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Out with the old | Connecticut's ongoing highway exit renumbering project

The renumbering comes as a part of a federal guideline that stems back to 2009 in which states are required to conform to mile marker numbering.

CONNECTICUT, USA — Connecticut is in the process of renumbering state highways' exits. You may have noticed while driving around recently.

The renumbering comes as a part of a federal guideline that stems back to 2009, in which states are required to conform to mile marker numbering instead of the consecutive numbering system Connecticut residents are used to.

“So if you enter Connecticut down in Greenwich on [Interstate] 95, the first exit you’ll see will be an 'exit 1,' and then the next exit will not be 'exit 2,' it will be maybe 4 or maybe 7 depending on how far [and] how many miles are between the start of the highway and how far you’ve traveled,” explained Josh Morgan, spokesperson for the Connecticut Department of Transportation (CT DOT).

Lawford McKenzie, a Newington native, frequents the Roure 9 corridor in Middletown daily. 

“If you’re just driving along, which a lot of people do, and you go 'Oh, that was the exit,' so – it’ll take a little time to get used to," McKenzie said.

Others are not sharing the same grace for the changes, saying they think it is a waste of time, money, and state resources.

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Morgan said that the CT DOT has been able to fold these projects in with other projects, and the guidelines don’t lay out a timeline so that these renumbering projects will happen through 2030.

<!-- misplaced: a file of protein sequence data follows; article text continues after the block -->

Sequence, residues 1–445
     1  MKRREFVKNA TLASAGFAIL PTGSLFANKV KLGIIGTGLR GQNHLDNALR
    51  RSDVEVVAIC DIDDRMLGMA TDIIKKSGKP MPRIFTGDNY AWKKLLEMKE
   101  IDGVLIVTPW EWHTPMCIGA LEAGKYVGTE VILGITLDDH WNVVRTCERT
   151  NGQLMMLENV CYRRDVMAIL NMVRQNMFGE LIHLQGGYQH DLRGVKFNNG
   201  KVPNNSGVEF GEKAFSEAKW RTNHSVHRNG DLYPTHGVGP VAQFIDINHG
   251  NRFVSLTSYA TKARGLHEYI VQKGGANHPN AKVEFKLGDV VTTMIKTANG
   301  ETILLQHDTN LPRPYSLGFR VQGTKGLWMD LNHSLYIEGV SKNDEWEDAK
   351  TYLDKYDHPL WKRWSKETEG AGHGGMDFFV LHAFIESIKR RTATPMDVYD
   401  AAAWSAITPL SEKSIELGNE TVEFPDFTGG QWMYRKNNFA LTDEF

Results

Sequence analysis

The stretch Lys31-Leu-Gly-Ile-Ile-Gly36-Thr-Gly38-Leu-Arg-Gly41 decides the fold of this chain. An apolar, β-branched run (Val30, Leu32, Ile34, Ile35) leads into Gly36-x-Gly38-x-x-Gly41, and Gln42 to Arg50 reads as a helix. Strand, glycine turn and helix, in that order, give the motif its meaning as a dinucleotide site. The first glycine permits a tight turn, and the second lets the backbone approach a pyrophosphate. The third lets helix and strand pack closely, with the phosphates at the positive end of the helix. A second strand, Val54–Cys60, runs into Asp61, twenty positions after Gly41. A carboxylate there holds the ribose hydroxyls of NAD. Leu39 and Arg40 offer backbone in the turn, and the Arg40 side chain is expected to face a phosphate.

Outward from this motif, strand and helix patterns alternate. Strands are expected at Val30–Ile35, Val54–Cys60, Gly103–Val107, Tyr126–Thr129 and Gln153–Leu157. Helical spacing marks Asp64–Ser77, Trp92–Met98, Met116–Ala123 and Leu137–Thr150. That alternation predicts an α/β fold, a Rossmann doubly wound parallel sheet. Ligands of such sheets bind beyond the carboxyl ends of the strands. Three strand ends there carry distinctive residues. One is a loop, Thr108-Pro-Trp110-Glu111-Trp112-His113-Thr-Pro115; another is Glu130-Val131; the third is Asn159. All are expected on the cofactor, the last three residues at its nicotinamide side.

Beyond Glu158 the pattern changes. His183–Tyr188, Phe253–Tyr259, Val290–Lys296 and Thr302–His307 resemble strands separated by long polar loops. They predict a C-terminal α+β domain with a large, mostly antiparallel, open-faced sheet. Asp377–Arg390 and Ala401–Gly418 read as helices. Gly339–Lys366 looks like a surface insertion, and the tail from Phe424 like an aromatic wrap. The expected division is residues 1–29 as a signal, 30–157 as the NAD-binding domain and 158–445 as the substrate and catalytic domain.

“We’re tying it into other work because there’s economies of scale there – there’s some cost savings for us, so we’re not doing work just for the numbers; we’re doing this in conjunction with other projects,” said Morgan.

Many commuters and travelers rely on GPS systems to get them to where they need to go, and CT DOT confirmed that they regularly update the companies so the new exit numbers are reflected in the GPS systems like Google Maps, Waze, and Apple Maps. 

“We do communicate with these tech providers, letting them know we have a project in this area; here’s the old number and the new numbers. Please push an update out to your customers,” explained Morgan.

If you’re wondering when exits near you will be upgrading, CT DOT has a detailed timeline map on their website showing the old numbers, new numbers, and expected timeline as to when the project will start and finish. You can see that timeline map here.

Lauren Zenzie is a reporter at FOX61 News. She can be reached at Lzenzie@fox61.com. Follow her on Facebook, Twitter and Instagram.

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